Review: JOY, An Ode To It
The film, starring Jennifer Lawrence as the title character, chronicles the trials and travails of a young, down-on-her-luck single mother whose flair for invention has been suppressed by an unsupportive family and the struggle for the legal tender. Playing out in the early days of QVC, the home shopping television network, it tells the true life tale of Joy Mangano, inventor of the self-wringing mop.
That's right, this is in fact a movie about a mop. It's about the creation of said mop, and the against-all-odds journey of the woman who created it, to be precise. But still: a mop. As far as mop movies go, this is a pretty good one.
Selling a mop movie is an unglamorous venture; just ask whomever cut the trailer for Joy. The fact that Joy's mop joins Luke Skywalker and Spider-Man as conspicuously absent from its own theatrical preview is telling. Meanwhile, wherever Luke and Spidey have been holed up, housekeeping just got that much more convenient for them. (Did I mention that the mop head is completely detachable, and machine washable?)
That Joy is a year-end prestige picture set in a world of TV kitsch -- QVC is made to be Wonderland; soap operas become hallucinatory commentaries, scathing in their condemnation -- and hinges on the most mundane of cleaning chores is a beneath-the-surface bit of subversion worthy of Russell's ever-provocative, unpredictable filmography.
But perhaps the bigger surprise is just how approachable this movie is. Not only is it the true story of a woman who made good by inventing a tricked-out mop, the film itself is squeaky clean. About 30 minutes in, I realized a strange thing for a Russell film: I wasn't hearing any foul language. From that point on, I can attest that not one swear word was uttered. Joy is both safe and secure in its storytelling. It's the rare, non-offensive, solidly accomplished film; something you could take your dear old granny to see, and all parties would likely be satisfied.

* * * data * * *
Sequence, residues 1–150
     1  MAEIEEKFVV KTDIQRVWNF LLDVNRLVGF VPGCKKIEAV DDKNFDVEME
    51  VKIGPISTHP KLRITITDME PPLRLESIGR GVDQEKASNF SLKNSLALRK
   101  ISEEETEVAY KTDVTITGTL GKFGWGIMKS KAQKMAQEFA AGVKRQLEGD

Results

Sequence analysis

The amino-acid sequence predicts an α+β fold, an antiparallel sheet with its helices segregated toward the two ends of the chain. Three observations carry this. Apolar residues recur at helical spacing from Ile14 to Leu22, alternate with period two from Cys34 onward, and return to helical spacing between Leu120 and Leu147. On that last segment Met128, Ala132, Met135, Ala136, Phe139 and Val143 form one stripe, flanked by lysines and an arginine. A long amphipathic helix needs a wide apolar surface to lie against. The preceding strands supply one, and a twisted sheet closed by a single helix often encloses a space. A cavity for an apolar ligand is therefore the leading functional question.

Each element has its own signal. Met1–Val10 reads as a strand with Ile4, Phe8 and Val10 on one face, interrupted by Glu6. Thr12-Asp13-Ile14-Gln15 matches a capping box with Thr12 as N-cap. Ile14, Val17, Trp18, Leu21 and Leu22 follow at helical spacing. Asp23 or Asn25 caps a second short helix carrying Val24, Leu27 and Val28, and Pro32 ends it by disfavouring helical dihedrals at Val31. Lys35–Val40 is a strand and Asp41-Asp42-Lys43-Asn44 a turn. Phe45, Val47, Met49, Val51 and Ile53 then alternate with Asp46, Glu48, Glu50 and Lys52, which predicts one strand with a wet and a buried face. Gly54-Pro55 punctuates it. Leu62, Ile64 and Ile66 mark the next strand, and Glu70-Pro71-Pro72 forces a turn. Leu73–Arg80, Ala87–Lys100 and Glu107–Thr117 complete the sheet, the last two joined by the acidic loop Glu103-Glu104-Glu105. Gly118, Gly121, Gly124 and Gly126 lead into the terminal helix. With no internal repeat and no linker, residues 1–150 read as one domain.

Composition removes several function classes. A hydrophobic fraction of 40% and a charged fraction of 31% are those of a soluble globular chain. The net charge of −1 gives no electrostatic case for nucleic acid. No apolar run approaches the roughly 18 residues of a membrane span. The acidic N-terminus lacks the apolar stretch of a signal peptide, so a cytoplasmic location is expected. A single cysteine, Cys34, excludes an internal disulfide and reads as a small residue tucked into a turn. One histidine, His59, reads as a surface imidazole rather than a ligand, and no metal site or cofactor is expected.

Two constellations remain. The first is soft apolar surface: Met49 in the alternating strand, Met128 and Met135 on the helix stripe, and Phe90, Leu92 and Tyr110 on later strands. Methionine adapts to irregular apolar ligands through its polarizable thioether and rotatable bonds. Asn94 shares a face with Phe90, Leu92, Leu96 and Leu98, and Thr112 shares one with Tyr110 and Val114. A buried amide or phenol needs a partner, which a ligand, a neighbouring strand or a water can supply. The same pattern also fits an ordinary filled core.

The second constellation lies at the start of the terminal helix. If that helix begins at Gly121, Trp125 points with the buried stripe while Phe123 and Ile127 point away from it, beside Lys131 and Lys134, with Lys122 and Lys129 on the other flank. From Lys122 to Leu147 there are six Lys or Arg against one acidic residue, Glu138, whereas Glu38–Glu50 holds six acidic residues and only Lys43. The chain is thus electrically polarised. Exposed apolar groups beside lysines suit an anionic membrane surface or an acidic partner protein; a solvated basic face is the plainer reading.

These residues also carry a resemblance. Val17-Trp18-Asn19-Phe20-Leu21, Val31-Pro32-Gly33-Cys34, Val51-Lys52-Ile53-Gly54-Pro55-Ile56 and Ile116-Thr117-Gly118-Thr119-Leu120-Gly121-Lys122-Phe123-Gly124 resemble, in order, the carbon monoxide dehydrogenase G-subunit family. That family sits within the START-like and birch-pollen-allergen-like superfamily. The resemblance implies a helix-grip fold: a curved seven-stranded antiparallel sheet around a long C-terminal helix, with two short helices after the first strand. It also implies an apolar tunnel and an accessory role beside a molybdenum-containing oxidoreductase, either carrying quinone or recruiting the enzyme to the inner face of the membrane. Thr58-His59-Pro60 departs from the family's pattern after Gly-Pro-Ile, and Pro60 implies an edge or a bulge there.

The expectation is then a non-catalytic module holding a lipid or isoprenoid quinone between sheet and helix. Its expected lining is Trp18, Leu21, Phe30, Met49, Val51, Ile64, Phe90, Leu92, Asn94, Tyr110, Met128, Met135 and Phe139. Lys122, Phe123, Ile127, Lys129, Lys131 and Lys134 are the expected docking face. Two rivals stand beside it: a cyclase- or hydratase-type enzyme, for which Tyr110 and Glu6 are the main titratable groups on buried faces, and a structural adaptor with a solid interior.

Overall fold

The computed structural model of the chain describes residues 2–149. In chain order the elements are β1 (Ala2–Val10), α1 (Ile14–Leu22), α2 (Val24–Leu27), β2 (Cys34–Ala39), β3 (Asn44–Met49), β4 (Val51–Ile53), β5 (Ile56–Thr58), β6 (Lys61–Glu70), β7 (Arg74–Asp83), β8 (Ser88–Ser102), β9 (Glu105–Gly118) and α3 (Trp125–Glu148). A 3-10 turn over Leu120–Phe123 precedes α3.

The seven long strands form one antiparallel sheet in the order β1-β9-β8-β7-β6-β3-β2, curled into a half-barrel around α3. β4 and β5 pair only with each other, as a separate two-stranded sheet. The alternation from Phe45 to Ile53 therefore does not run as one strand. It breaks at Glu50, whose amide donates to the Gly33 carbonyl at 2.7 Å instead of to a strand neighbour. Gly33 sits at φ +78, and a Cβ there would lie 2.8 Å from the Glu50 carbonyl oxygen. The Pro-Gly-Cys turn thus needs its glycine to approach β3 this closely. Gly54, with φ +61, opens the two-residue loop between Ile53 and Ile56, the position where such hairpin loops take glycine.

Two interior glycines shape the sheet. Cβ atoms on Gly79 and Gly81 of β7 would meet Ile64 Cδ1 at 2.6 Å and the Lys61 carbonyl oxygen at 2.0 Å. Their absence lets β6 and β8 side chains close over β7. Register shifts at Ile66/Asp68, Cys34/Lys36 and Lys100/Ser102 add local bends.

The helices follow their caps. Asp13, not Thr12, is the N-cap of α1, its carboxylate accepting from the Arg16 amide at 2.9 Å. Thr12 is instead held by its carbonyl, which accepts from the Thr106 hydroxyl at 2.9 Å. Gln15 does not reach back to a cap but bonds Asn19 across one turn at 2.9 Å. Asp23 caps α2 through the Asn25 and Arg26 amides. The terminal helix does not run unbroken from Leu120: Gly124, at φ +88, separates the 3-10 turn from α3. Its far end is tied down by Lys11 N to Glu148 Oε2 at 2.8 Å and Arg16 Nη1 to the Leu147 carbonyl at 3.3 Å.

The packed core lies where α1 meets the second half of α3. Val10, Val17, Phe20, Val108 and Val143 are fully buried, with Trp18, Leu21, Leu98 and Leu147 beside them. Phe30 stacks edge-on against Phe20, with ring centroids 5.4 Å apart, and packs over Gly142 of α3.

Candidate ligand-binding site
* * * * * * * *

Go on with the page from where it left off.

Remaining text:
Yes, Jennifer Lawrence fires a shotgun in this movie, a moment all too present in all the previews I've seen. But far more often, she's pushing her mop -- in more ways than one. The talented actress is terrific in her third pairing with David O. Russell. (This following her Oscar win for Silver Linings Playbook and stealing all her scenes in American Hustle.) Also back for return engagements with the filmmaker are Robert De Niro, playing Joy's mechanic father, and Bradley Cooper as the QVC top dog. Edgar Ramirez is a bright spot as Joy's supportive ex-husband turned business partner. Virginia Madsen, Isabella Rossellini, Elizabeth Rohm, Susan Lucci, Donna Mills and Melissa Rivers all show up in increasingly surreal roles.
Looping back around to the opening notion of its title, in Joy we see joy itself as a payoff to positive self-worth, something that must be achieved through innovation and hard work. More specifically, it's the harnessing of Joy's own talent for invention, and her decision to commit to it. There is risk and pain and loss and defeat, but as bad as it gets, we watch Joy fight and struggle her way to success. This is a good story, as predictably humanist as it is.
Sometimes these days we're quick to reject the 'pull yourself up by the bootstraps' mentality, but David O. Russell seems to be challenging us to see a deeper contemporary value in this. It would all bear a trite weight about it if not for his subtle flourishes and the knowledge that we're in the hands of a true experimenter of the mainstream. The joy in the film doesn't actually soar in the story's resolution, but in the grace notes throughout, in the small victories.
While Joy itself may not be the awards season contender that some had hoped, the film nonetheless manages to live up to its name.